The ‘Cocktail Party Effect’
We have previously shared a piece on how humans balance awareness and attention, and a group of California-based scientists now believe the brain has a base level function that forces us to focus on one stream of sound at a time. It has interesting implications for how effective multitasking is and whether we can even multitask at all:
This ability to hyper-focus on one stream of sound amid a cacophony of others is what researchers call the “cocktail-party effect.” Now, scientists at the University of California in San Francisco have pinpointed where that sound-editing process occurs in the brain — in the auditory cortex just behind the ear, not in areas of higher thought. The auditory cortex boosts some sounds and turns down others so that when the signal reaches the higher brain, “it’s as if only one person was speaking alone,” says principle investigator Edward Chang.
These findings, published in the journal Nature last week, underscore why people aren’t very good at multitasking— our brains are wired for “selective attention” and can focus on only one thing at a time. That innate ability has helped humans survive in a world buzzing with visual and auditory stimulation. But we keep trying to push the limits with multitasking, sometimes with tragic consequences. Drivers talking on cellphones, for example, are four times as likely to get into traffic accidents as those who aren’t.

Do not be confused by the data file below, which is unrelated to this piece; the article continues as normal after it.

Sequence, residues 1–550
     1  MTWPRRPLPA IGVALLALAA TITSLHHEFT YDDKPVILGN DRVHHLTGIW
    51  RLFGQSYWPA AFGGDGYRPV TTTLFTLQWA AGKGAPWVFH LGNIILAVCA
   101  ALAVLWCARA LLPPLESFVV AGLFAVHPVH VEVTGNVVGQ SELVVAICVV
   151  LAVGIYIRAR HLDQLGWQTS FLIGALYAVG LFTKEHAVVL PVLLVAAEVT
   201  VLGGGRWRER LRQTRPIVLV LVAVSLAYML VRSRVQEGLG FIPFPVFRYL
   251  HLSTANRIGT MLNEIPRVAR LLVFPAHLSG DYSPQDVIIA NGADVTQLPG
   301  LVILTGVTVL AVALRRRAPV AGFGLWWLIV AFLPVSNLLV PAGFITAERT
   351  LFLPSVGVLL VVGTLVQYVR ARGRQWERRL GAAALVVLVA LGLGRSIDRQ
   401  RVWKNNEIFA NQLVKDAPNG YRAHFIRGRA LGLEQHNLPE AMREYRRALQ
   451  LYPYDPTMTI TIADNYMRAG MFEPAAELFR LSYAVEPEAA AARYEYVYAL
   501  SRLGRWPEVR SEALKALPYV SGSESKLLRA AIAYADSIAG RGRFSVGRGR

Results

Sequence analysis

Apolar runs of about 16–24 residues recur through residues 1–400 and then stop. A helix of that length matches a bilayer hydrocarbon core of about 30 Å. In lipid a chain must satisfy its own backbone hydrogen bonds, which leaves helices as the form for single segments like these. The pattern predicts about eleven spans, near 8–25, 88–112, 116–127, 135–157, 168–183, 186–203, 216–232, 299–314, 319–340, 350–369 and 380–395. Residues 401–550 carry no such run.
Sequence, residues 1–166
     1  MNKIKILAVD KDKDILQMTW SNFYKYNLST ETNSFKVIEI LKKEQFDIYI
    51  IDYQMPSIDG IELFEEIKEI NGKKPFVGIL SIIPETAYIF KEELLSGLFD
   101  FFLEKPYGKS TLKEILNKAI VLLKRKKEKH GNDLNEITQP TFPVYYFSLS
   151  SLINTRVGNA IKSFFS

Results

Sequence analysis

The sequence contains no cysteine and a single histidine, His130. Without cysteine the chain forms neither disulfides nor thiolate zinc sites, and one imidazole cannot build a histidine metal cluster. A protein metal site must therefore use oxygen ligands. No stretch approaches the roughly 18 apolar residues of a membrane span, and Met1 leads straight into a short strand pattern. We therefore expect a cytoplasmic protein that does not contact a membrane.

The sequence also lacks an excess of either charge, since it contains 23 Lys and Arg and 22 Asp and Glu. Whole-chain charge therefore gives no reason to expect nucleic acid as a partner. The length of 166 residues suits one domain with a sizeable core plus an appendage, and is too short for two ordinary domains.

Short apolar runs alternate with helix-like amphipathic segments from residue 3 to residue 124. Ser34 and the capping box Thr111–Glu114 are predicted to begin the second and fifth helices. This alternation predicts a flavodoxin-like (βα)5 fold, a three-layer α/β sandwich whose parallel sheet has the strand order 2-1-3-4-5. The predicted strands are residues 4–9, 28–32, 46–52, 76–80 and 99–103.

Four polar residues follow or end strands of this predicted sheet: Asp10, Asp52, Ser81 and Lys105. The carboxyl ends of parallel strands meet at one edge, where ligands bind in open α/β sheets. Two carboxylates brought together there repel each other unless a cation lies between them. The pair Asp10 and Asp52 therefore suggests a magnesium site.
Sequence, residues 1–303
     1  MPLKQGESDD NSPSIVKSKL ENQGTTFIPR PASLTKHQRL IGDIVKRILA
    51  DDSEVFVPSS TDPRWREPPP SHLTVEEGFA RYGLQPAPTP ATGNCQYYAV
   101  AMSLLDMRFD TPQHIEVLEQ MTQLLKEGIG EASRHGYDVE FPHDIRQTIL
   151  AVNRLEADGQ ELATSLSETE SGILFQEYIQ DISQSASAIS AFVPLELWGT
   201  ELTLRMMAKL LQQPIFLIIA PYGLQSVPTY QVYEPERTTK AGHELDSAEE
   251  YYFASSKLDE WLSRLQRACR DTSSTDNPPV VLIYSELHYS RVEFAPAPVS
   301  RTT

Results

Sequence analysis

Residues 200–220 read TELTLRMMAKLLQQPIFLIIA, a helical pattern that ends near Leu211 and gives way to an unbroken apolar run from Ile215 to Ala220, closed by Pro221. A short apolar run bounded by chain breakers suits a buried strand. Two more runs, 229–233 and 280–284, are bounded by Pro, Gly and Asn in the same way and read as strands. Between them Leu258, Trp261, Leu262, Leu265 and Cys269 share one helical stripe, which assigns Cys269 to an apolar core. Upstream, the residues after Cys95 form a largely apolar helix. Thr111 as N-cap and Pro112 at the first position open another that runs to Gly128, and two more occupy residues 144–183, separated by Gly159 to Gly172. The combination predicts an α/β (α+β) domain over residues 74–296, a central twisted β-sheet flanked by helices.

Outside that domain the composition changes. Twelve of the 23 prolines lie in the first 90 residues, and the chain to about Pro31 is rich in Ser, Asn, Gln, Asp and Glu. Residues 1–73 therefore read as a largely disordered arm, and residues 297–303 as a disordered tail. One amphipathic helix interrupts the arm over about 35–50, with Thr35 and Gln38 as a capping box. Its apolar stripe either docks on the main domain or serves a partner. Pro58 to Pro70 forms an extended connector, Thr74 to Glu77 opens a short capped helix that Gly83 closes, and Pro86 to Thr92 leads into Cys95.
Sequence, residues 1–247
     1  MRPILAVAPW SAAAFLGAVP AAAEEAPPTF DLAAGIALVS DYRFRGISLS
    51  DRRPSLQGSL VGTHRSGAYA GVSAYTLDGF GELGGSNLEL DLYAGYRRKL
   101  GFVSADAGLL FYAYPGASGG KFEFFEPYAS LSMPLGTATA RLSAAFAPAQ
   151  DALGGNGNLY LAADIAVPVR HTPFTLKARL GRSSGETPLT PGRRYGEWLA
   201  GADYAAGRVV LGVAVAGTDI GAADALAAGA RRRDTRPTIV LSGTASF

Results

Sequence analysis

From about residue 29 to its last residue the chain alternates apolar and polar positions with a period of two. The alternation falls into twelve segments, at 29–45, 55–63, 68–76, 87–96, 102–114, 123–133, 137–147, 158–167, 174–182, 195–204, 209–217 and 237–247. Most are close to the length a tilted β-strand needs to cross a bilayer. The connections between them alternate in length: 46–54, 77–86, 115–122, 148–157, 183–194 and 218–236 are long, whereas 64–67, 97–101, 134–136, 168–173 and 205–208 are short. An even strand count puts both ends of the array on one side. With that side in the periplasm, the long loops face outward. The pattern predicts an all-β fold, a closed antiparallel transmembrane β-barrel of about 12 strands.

Many of those accidents are due to “inattentional blindness,” in which people can, in effect, turn a blind eye to things they aren’t focusing on. Images land on our retinas and are either boosted or played down in the visual cortex before being passed to the brain, just as the auditory cortex filters sounds, as shown in the Nature study last week. “It’s a push-pull relationship — the more we focus on one thing, the less we can focus on others,” says Diane M. Beck, an associate professor of psychology at the University of Illinois.